- Copy training certificates and grade reports and place in folder in one location.
- Keep originals in notebook with acetate pages from an office store in your home.
- Scan the documents and keep in folder in your web-based email system.
In the event of a disaster or tragedy, you always have a backup system and isn’t redundancy what aviation is all about. How many planes have just one fuel tank?
As a lifelong learner it is a great review and learning reminder to page through the past education experiences to appreciate what you have learned.
The hard skills are the business-related courses such as finance, accounting, chemistry, blueprint reading, and computer-aided design and manufacturing (CAD/CAM).
If you do not have a strong finance background and most A&P professionals do not, then accounting for non-accountants or accounting for people who hate mathare valuable tools to complete your education. It will help you understand the situations your employer may be facing. In this era of declining revenues (income), the smart employees are proactive to the challenge.
Many A&P professionals are aware of the pilot of a major carrier who realized he could taxi to the gate with one less engine in a similar amount of time and save 50 percent of the fuel used in taxiing to the gate upon arrival. Once that carrier implemented the process, several national and international carriers copied the idea. How many millions of gallons of JetA were saved?
In addition, if your lifelong learning or continuing education yields a benefit to the employer through a suggestion, many employers generously share proportionally with the founder of the cost savings or revenue-producing idea.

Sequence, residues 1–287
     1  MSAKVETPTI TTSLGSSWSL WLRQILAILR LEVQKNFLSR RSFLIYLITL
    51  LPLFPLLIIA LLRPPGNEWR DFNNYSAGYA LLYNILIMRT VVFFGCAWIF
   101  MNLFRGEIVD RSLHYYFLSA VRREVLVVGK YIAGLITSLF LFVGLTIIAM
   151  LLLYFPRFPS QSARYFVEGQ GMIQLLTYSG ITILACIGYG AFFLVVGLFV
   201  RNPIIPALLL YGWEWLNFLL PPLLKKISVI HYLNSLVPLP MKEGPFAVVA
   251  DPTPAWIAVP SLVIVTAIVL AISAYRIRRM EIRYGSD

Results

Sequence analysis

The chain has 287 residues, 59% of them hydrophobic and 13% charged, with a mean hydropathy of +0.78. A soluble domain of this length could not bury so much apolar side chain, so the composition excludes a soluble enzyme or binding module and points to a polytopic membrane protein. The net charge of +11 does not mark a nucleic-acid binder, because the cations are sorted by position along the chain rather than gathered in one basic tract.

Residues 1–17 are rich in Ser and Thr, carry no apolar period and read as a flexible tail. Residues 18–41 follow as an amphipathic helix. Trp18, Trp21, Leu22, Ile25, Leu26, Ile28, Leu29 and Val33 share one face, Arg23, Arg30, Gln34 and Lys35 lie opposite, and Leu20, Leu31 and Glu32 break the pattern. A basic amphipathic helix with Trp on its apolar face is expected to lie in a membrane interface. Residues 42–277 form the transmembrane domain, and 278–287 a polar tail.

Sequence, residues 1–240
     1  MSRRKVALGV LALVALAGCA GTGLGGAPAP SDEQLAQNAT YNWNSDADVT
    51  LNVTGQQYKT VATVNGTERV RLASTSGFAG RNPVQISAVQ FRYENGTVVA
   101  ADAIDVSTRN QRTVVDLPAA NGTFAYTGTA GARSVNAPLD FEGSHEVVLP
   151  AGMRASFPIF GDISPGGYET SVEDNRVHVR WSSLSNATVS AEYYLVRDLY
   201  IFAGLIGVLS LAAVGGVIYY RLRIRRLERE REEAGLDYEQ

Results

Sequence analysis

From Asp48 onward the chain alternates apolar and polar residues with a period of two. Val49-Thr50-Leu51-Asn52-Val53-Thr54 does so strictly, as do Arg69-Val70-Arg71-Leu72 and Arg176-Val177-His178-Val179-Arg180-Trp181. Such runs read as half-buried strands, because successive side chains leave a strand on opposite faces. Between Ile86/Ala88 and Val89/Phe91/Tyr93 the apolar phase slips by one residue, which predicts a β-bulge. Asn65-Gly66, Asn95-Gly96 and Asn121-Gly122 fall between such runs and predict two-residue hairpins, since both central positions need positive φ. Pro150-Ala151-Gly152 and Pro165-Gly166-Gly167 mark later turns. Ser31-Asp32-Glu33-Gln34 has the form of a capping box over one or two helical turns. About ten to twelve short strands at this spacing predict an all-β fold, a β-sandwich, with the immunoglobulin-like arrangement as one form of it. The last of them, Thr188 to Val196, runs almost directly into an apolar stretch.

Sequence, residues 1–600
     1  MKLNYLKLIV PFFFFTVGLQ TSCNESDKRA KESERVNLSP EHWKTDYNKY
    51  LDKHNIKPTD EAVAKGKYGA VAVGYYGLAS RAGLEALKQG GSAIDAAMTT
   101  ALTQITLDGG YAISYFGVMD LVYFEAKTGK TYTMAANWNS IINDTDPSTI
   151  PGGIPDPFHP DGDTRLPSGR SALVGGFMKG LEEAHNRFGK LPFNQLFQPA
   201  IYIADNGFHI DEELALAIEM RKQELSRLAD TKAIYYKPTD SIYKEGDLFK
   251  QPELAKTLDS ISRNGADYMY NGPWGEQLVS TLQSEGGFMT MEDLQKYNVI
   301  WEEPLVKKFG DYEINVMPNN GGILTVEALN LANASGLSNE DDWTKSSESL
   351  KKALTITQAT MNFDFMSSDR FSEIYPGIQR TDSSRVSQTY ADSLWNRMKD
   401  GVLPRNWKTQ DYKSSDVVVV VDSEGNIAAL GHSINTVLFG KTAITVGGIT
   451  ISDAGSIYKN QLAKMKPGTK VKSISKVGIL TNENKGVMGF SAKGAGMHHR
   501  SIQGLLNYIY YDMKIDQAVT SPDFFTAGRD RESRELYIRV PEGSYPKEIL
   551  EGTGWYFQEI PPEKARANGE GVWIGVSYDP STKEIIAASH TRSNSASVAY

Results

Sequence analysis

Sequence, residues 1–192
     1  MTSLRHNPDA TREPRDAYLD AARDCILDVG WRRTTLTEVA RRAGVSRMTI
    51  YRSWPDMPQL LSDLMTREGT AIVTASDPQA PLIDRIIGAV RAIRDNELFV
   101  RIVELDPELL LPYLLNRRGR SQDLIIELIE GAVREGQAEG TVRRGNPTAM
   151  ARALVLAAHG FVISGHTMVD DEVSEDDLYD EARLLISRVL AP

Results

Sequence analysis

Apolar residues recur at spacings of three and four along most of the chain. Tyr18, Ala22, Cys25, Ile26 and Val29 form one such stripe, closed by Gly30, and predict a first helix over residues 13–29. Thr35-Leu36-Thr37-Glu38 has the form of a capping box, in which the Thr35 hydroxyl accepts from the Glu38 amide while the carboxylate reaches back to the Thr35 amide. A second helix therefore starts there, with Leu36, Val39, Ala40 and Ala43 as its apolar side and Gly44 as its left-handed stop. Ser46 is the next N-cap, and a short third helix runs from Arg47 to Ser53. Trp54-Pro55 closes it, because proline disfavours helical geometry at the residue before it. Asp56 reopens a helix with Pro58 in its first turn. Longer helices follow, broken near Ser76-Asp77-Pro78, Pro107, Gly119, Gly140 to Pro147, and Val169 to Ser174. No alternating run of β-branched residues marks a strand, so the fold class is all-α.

At Pittsburgh Institute of Aeronautics (PIA), near Pittsburgh, some aviation maintenance technology (AMT) students may return to acquire new skills as an aviation electronics (avionics) technician or stay for additional months to complete both degree programs.
The ugly truth is everyone can learn more and do a better job. However the latest statistics regarding continuing education and lifelong learning reports only 31.8 percent pursue additional learning even if it is provided with tuition reimbursement.
For more information request flyer 49D: The Top Nine Items Before Returning To School by emailing Aviation@journalist.com.
Craig J. “Buzz” Conroy is a speaker and researcher who entertains and educates aviation professionals and business audiences with unique and enlightening programs. He has a master’s degree in aviation leadership from MSU. He was at Somerset, PA, covering the 9-11 disaster less than one hour and nine minutes after Flight 93 crashed. Conroy serves as resident expert on aviation and business-related topics for two national news networks. To contact Conroy, email firstname.lastname@example.org.
Call 724 443-6876 or 1 800 344-1492 or fax 206 203 -4599.
This is the seventh in a series of articles on the Dirty Dozen. The Dirty Dozen was developed by Gordon Dupont at Transport Canada. They are critical factors in the area of human factors and safety; they include complacency, lack of knowledge, lack of teamwork, distraction, fatigue, lack of resources, pressure, lack of assertiveness, lack of communication, norms, stress, and lack of awareness.